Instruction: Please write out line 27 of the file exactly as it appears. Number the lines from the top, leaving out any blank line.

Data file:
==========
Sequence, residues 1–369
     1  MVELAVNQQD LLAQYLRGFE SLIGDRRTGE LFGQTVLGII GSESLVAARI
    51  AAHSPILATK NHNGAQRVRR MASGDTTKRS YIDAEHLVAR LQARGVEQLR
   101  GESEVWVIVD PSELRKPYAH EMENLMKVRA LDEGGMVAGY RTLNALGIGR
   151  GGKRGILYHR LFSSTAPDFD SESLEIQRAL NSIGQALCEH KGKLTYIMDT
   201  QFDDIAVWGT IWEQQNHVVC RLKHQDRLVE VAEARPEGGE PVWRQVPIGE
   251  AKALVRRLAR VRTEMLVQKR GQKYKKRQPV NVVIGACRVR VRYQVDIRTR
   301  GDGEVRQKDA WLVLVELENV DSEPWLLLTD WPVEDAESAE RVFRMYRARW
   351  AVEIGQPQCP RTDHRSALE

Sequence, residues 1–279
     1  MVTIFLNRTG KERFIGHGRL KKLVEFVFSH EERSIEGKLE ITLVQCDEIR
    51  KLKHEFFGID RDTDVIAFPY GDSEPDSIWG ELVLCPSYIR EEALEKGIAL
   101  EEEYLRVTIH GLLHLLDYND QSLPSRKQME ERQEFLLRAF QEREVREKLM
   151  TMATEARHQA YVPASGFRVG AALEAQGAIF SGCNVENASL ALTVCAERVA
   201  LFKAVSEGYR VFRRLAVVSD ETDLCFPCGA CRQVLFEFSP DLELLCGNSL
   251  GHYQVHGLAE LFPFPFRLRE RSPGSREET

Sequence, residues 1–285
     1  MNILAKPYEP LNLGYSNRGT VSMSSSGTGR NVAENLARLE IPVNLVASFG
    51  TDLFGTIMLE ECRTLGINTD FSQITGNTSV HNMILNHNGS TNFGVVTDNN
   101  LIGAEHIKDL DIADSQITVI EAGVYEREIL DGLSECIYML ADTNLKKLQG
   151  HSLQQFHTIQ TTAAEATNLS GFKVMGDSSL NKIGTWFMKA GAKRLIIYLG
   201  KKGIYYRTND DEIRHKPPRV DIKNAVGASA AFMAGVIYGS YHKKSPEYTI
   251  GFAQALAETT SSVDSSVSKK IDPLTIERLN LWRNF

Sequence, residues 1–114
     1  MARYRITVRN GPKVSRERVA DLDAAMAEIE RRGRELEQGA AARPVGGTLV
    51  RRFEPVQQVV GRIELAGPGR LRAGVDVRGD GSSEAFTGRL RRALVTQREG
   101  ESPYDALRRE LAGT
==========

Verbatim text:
   101  ESPYDALRRE LAGT